The Public Investment Corporation is in the process of getting an independent valuation for its bid for a majority shareholding in Karan Beef, the judicial commission of inquiry into the state-run asset heard on Monday.
In October, the PIC confirmed it was set to acquire a majority shareholding in Karan Beef, in a deal that was described by former CEO Dan Matjila, as "historic" and aimed at driving transformation in the agricultural sector. The deal could cost up to R5.2bn.
Tshifhango Ndadza, a senior market risk analyst at the PIC, testified on Monday the deal had been presented to various PIC committees.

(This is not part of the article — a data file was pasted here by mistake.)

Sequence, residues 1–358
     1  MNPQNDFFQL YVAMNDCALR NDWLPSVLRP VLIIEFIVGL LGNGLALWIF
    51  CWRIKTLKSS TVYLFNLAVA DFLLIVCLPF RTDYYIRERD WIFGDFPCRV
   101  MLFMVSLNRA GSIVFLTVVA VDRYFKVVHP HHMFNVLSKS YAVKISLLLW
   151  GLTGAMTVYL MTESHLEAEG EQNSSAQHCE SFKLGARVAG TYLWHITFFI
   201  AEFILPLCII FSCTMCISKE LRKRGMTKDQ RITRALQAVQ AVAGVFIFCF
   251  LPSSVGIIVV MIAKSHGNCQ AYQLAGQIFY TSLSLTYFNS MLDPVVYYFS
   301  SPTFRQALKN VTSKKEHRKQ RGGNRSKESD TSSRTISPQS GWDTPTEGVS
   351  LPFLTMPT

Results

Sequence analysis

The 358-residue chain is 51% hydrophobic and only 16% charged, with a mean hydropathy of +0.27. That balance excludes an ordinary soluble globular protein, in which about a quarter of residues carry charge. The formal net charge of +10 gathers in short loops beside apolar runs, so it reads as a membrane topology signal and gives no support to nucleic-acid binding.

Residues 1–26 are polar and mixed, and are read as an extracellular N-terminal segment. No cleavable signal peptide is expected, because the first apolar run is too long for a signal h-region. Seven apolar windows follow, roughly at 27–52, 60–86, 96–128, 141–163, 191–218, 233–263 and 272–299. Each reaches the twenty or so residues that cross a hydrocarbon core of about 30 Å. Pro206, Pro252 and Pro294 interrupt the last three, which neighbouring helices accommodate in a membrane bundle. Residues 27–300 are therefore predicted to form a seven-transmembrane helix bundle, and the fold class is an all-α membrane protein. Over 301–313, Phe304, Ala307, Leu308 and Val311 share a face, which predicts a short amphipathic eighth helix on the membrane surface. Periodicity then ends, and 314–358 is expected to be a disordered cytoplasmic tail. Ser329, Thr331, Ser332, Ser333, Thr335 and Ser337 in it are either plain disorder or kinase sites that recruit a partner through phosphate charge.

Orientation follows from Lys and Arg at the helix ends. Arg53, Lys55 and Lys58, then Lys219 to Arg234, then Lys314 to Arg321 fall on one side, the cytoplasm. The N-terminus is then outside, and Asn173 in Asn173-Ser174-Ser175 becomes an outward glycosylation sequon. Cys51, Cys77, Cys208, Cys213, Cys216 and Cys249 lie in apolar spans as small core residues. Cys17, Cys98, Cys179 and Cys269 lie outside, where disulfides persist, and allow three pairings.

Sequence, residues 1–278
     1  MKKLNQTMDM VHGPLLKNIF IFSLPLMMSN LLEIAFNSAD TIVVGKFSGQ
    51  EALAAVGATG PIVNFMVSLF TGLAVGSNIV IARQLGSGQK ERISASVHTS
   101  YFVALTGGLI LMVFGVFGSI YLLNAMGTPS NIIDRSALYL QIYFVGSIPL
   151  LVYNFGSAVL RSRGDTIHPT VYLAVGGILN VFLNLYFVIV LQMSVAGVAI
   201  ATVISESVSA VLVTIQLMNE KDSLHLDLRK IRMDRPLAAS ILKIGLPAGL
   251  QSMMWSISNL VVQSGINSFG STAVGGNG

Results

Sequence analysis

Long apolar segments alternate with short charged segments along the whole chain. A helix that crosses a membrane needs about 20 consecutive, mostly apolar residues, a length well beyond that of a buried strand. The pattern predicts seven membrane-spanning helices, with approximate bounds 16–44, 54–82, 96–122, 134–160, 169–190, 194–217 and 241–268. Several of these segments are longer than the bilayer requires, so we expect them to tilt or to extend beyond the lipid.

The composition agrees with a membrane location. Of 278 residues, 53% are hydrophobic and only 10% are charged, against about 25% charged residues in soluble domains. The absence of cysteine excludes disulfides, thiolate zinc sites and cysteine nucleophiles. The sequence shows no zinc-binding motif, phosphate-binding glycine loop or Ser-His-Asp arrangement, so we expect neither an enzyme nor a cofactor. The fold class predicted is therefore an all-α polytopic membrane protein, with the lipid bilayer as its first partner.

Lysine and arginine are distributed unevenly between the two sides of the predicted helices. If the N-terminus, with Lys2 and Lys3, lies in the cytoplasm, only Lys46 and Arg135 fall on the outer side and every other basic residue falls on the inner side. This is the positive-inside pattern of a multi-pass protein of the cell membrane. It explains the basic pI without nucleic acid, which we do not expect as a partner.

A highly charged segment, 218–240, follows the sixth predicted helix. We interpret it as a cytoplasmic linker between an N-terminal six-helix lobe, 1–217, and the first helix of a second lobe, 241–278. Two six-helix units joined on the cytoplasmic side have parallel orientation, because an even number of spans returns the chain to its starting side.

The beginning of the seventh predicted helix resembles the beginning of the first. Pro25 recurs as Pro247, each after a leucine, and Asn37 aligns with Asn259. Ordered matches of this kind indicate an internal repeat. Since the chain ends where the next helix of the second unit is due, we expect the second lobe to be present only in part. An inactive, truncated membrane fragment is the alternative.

“Given the valuation gap, and how the company has performed and again because of the media perception, we are now opting for a third party valuation [...] The transaction would then go through the normal process,” Ndadza told the inquiry.
Ndadza added that the bid was currently being put through confirmatory due diligence, which is a process that is undertaken when a transaction is approved but not consummated within a six month period.
Karan Beef was established by the Karan family in 1974 and operates the largest cattle feedlot and abattoir on the continent. In October, the Karan family agreed to sell a 90% stake in the business.
Ndadza the said the Unemployment Insurance Fund and the Government Employees Pension Fund were initially going to contribute an amount of less than R2bn for the deal.
"What has changed is that the capital contribution from GEPF is going to be more than the R2bn," he said.